Having spent my career on the vendor side of the table talking with marketers and technologists about their needs I recently sat on the other side. And it was quite the eye-opening experience.
We were listening to pitches to develop research around shopper marketing and the path-to-purchase and here's what I noticed.
- While there was a project brief and opportunity to discuss in detail well before presenting, the opening gambit consisted of canned scripts. "We're this; we've worked with them; we do the stuff you asked for." Boring and not relevant; we did our homework - that's why you were invited in the first place. Cut to the chase.
- Our needs don't fit a standard model - in fact that's precisely why we're not doing the work ourselves - so presenting a canned approach doesn't help your cause much. Teasing this out of a written brief might be difficult, but a little research on our company - and who would be in the meeting - would have shed some light. Do your homework.
- Style and personality matters a lot more than I thought. Just like an ad agency, we know that whatever is pitched now won't ever see the light of day - there's work to be done to get it right. We're looking at you asking the question: 'would you deliver the results and make our decision look good?' Project passion, not a project.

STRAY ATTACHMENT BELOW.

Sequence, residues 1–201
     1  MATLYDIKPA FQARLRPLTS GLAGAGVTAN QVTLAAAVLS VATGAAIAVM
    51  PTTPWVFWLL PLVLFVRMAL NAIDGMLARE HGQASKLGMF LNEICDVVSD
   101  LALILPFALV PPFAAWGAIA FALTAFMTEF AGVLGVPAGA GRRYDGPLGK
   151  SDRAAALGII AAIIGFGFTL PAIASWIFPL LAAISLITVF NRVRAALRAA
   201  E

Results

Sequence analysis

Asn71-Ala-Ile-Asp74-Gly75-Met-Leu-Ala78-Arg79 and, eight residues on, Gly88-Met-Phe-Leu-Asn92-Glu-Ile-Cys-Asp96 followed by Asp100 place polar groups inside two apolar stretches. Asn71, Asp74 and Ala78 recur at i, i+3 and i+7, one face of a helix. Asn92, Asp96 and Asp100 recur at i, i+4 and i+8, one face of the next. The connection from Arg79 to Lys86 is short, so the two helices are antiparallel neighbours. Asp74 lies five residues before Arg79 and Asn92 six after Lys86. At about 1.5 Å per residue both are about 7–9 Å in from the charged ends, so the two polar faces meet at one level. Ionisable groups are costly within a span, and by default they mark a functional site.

- The level of interest in the work ranged from: "We don't do precisely that, we'll get back to you." to "That would be really different and cool." I have respect for both answers, be honest with yourselves. It is OK to not win our business if it isn't your business. Fold or go all in.
- While we asked for pricing, it wasn't really meant to be the final number but rather a means of testing the assumptions - both yours and ours. So, don't get upset that the rules of the game changed (usually by adding stuff we hadn't considered.) Custom doesn't come from a price list.